In a Georgian mansion in rural Ireland maverick educators John and Amanda have devoted their married life to bringing out the best in their pupils, along with their foppish Head Master Dermot Dix. And if you had young children, you’d send them to the idyllic prep school at Headfort House near Kells in County Meath. In this entertainingly footloose documentary we spend a year with the kids and staff and their wonderful approach to learning.
The directors’ narrative is as unstructured as the couple’s teaching methods. John and Amanda are as tender towards their charges as they are to each other. But discipline is also firmly in place and respect is the watchword; and it flows both ways. John is the Latin Master but he also teaches the liberal arts, music and painting. English Mistress Amanda, is responsible for drama – and there is a lot of fun. John and Amanda are often seen sharing a fag as they chat through their day in their cottage on the grounds, giving each other tips and encouragement – clearly the pupils are also their ‘children’ and they know just how to bring out the best in them. But they are dedicated to their life’s work and have also to consider what would happen when they eventually retire: “What would we do all day, if we didn’t come here?”. When little Florrie, a troubled but talented kid, appears on the scene from London, she is a brilliant drummer in the school’s rock band but lacks discipline. John deftly handles her tears and tantrums without batting an eyelid and the children all call him ‘Sir’, as a mark of respect – without a shred of resentment, or ever questioning his authority, in public or in the cosy dorms.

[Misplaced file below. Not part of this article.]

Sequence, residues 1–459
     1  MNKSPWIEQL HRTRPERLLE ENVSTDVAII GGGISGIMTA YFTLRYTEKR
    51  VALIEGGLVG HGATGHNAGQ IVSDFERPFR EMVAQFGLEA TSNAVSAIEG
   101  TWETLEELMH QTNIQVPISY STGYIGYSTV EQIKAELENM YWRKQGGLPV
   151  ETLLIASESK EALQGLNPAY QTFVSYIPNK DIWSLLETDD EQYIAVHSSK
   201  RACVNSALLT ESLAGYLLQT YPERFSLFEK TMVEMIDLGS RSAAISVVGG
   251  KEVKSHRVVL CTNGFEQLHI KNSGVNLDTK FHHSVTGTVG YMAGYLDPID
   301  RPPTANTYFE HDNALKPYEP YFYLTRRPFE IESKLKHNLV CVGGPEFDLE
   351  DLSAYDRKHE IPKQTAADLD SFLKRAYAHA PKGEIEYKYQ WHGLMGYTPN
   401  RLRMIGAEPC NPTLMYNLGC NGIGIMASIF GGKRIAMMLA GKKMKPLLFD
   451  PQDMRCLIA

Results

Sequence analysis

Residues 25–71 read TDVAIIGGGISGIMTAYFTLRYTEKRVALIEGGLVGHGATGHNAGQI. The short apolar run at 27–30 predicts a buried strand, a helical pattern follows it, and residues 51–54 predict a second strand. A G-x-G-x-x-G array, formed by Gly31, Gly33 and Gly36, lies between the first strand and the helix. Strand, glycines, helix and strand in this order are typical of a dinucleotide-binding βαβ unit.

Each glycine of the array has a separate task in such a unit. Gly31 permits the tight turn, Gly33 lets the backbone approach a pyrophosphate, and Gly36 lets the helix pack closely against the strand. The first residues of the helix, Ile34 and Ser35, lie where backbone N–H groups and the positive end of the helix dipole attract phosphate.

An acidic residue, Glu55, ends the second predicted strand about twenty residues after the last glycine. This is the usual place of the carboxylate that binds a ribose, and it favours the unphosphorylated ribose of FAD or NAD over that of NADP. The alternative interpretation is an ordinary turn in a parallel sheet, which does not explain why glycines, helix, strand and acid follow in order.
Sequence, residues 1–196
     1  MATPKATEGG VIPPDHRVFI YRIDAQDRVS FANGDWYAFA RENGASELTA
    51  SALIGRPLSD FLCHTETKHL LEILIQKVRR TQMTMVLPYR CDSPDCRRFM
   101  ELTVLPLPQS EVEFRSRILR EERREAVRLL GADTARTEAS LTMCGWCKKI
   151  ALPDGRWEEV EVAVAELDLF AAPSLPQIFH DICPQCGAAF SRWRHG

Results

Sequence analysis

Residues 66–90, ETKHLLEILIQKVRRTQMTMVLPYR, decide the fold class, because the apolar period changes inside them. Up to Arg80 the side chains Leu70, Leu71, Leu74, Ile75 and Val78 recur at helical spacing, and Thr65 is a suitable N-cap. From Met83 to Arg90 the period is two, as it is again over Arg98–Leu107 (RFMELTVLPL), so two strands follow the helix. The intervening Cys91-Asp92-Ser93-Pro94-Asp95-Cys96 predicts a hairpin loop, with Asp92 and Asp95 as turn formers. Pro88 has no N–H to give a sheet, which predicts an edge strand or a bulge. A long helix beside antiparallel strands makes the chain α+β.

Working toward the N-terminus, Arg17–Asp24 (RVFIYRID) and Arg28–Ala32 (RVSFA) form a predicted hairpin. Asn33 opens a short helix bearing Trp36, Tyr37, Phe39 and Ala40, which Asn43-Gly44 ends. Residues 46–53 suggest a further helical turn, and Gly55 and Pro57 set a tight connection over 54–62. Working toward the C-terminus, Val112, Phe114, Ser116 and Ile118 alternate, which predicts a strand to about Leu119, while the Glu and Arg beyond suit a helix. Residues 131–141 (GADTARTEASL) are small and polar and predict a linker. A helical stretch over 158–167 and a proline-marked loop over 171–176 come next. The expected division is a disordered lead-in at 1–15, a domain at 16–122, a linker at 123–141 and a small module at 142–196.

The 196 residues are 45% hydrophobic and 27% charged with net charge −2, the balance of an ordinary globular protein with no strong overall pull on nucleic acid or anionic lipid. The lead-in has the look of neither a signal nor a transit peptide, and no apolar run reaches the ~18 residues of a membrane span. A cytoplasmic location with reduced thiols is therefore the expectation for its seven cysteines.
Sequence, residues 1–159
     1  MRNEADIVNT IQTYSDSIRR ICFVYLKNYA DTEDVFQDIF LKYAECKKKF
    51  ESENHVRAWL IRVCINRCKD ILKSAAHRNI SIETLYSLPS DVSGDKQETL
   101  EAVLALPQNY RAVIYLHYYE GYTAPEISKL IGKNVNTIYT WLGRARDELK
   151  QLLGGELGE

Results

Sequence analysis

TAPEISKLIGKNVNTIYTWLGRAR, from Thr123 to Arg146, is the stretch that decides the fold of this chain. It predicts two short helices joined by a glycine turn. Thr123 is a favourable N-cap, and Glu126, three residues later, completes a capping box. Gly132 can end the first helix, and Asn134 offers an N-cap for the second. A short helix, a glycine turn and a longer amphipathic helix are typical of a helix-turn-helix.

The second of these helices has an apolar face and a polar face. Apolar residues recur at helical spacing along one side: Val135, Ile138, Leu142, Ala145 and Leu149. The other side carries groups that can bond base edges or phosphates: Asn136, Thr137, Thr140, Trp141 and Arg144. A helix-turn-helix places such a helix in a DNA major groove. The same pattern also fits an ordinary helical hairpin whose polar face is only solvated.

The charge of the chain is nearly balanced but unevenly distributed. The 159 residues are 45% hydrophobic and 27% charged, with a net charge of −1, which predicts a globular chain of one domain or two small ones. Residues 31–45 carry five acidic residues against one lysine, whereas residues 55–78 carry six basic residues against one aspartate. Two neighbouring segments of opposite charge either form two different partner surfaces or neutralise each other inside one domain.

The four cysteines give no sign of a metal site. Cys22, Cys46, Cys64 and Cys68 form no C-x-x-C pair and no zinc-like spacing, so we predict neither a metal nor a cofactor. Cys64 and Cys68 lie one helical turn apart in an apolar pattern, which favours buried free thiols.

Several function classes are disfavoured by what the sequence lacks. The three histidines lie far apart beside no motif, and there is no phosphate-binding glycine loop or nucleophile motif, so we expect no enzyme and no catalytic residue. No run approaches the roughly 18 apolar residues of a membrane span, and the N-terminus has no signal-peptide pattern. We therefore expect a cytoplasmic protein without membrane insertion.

At the end of term, there is success for two children with places at Eton and Harrow, and John gently mimics the posh accents the boys may encounter once installed. At the same time, young Ted’s dyslexia has improved in this caring environment and there are prizes – and hugs – all round. A tender and touching portrait of what a school should be. MT
OUT ON 13 OCTOBER 2017